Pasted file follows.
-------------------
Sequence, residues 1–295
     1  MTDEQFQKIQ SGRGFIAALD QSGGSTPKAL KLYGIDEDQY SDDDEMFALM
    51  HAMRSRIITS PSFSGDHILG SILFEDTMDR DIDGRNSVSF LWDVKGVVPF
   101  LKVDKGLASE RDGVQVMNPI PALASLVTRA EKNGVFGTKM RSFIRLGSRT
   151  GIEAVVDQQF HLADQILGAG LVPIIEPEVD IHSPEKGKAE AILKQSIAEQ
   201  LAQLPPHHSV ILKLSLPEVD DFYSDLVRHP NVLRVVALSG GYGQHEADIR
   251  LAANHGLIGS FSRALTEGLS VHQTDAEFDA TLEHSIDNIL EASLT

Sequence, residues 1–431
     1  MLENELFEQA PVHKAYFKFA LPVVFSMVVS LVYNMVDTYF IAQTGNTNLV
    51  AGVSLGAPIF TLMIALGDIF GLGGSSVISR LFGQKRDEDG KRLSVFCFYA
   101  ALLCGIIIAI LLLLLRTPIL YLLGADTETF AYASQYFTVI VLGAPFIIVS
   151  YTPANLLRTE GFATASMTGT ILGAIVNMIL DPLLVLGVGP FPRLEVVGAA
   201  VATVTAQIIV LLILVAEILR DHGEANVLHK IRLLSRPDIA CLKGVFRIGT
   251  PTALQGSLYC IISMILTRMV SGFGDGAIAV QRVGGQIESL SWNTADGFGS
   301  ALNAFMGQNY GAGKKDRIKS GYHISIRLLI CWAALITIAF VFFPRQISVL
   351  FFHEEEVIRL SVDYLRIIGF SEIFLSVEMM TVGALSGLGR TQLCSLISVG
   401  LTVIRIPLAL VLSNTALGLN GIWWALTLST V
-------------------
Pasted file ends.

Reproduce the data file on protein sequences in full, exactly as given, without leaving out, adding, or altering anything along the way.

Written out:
Sequence, residues 1–295
     1  MTDEQFQKIQ SGRGFIAALD QSGGSTPKAL KLYGIDEDQY SDDDEMFALM
    51  HAMRSRIITS PSFSGDHILG SILFEDTMDR DIDGRNSVSF LWDVKGVVPF
   101  LKVDKGLASE RDGVQVMNPI PALASLVTRA EKNGVFGTKM RSFIRLGSRT
   151  GIEAVVDQQF HLADQILGAG LVPIIEPEVD IHSPEKGKAE AILKQSIAEQ
   201  LAQLPPHHSV ILKLSLPEVD DFYSDLVRHP NVLRVVALSG GYGQHEADIR
   251  LAANHGLIGS FSRALTEGLS VHQTDAEFDA TLEHSIDNIL EASLT

Sequence, residues 1–431
     1  MLENELFEQA PVHKAYFKFA LPVVFSMVVS LVYNMVDTYF IAQTGNTNLV
    51  AGVSLGAPIF TLMIALGDIF GLGGSSVISR LFGQKRDEDG KRLSVFCFYA
   101  ALLCGIIIAI LLLLLRTPIL YLLGADTETF AYASQYFTVI VLGAPFIIVS
   151  YTPANLLRTE GFATASMTGT ILGAIVNMIL DPLLVLGVGP FPRLEVVGAA
   201  VATVTAQIIV LLILVAEILR DHGEANVLHK IRLLSRPDIA CLKGVFRIGT
   251  PTALQGSLYC IISMILTRMV SGFGDGAIAV QRVGGQIESL SWNTADGFGS
   301  ALNAFMGQNY GAGKKDRIKS GYHISIRLLI CWAALITIAF VFFPRQISVL
   351  FFHEEEVIRL SVDYLRIIGF SEIFLSVEMM TVGALSGLGR TQLCSLISVG
   401  LTVIRIPLAL VLSNTALGLN GIWWALTLST V